A self-styled New York hipster is paid a surprise visit by his younger cousin from Budapest. From initial hostility and indifference a small degree of affection grows between the two. Along... See full summary »
A film poem inspired by the Peruvian poet César Vallejo. A story about our need for love, our confusion, greatness and smallness and, most of all, our vulnerability. It is a story with many... See full summary »
Bengt C.W. Carlsson
Elisabeth leaves her abusive and drunken husband Rolf, she packs her bags, takes the kids and goes to her brother Göran. The year is 1975 and Göran lives in a commune called Together. ... See full summary »
Based on the true childhood experiences of Noah Baumbach and his brother, The Squid and the Whale tells the touching story of two young boys dealing with their parents' divorce in Brooklyn in the 1980s.
A group of perfectly intelligent young people decide to react to society's cult of an aimless, non-creative and non-responsible form of intelligence by living together in a community of "idiots". Their main activity becomes going out into the world of "normal" people and pretending to be mentally retarded. They take advantage of this situation to create anarchy everywhere they go and try by every possible means to make people annoyed, disturbed, miserable, ridiculous, angered, and shocked. The films start as they recruit a new lost soul and introduced her to their megalomaniac leader. Written by
Written in four days as part of the Dogma 95 Manifesto. See more »
This is a film that adheres to the 'Dogme 95' manifesto, so the usual goof rules do not necessarily apply. This includes shots of the crew, microphones and other equipment, as well as continuity errors. See more »
As a Dane it may be easier to see where Lars Von Trier is coming from with this social criticism (satire of social criticism!) movie.
First of all he comes from a country that prides itself in two traditions:
1. a state that takes care of and cares for everyone
2. a country that has a long tradition of social-criticism in literature and movies
For more than ten years it seemed that every big film project in Denmark had a social agenda...That was probably the only way to get financial support for your film project - which was most of the time, if not all of the time - supplied by the state.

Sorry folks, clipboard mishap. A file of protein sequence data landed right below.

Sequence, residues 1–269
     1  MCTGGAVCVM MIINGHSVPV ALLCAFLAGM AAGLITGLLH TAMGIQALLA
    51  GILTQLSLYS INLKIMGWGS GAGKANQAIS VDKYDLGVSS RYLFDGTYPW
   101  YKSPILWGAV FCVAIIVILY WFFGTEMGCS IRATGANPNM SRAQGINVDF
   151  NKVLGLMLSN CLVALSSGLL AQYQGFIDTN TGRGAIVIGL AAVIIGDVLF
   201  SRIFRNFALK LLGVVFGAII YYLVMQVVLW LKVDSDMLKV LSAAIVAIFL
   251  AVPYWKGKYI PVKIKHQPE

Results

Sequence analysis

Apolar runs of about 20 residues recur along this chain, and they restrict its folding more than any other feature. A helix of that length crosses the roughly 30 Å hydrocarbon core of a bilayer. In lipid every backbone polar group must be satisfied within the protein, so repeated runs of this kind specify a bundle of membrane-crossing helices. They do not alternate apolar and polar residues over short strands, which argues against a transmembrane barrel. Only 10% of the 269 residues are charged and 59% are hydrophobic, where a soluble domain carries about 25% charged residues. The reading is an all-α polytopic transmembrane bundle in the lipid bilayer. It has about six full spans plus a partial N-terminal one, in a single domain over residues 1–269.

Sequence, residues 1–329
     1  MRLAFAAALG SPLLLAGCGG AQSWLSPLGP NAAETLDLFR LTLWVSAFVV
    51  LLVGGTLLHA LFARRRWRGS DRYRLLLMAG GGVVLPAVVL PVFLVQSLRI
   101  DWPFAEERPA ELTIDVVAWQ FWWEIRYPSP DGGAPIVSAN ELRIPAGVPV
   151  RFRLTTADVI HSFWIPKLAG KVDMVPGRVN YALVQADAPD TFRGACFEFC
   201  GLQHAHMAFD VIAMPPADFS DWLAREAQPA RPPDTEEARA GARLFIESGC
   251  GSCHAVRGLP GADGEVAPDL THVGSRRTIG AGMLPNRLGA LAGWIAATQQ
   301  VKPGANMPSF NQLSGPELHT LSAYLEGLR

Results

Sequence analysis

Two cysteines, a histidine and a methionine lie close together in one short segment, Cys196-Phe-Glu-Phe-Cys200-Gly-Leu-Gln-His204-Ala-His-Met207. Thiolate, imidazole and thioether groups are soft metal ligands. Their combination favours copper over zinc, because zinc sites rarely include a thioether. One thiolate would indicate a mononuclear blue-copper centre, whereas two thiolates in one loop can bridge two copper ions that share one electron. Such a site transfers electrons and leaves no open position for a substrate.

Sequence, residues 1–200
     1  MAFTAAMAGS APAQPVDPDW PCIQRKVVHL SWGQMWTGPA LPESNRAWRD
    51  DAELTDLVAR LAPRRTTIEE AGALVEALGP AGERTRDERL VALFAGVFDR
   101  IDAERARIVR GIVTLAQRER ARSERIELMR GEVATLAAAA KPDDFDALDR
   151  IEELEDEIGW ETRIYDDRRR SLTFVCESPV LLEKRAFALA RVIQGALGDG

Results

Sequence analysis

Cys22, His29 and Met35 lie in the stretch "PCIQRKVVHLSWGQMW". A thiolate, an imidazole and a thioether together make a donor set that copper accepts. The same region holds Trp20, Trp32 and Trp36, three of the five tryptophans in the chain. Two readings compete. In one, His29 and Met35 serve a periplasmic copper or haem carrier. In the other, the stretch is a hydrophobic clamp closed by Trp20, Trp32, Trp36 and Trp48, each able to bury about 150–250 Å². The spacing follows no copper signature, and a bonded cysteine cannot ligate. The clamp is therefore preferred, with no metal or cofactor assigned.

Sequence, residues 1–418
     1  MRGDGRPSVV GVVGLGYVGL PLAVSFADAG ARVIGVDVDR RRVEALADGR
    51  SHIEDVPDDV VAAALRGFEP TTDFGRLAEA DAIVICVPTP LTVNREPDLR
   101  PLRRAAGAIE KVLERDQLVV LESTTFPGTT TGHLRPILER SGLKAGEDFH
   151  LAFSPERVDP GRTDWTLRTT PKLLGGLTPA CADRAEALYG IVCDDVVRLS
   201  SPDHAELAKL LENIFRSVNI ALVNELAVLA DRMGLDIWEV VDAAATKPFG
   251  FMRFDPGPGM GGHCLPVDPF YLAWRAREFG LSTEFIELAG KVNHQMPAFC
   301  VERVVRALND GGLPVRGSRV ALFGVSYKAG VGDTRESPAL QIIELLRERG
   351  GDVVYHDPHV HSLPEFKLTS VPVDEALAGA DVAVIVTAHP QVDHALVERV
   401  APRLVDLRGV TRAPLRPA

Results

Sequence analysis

This film is poking fun - primarily - at this social criticism tradition, while it also renews it.
But how much should we take seriously - Lars Von Trier would probably laugh at anyone, who takes this movie at face value - as a bona fide social criticism (which it is not!) and - of course - it fails as traditional "social criticism", just look at it - this is not a film like Pelle the Conquerer, there are no drunken, heavy-set men seducing their underage nieces and abusing the working man sadistically.
In short this movie wasn't meant to succeed in the genre in a traditional sense.
It has a more profound agenda - I have a hard time putting words to it, because what the movie says is so very Danish. Certain scenes are simply great: When they visit the factory and "the idiots" are allowed to turn the machines on and off...I can't explain why that is so intensely funny, but I'm pretty sure it's a Danish thing.
This film is funny, sad, sentimental, wonderfully-acted... It comments on a social-democratic tradition and state that embraces you for better and for worse...It also talks about capitalism in this system...Maybe it's really all about the compromise inherent in a social-democratic tradition existing parallel with a capitalist system. Such a compromise could be viewed as hypocrisy from a philosophical standpoint.
Central to this movie is the theme of honesty and sincerity...And all the while you don't want to take it too seriously, because you have a feeling that the director isn't all that serious about it himself...
In short I find the movie and it's intention irresistibly confusing.
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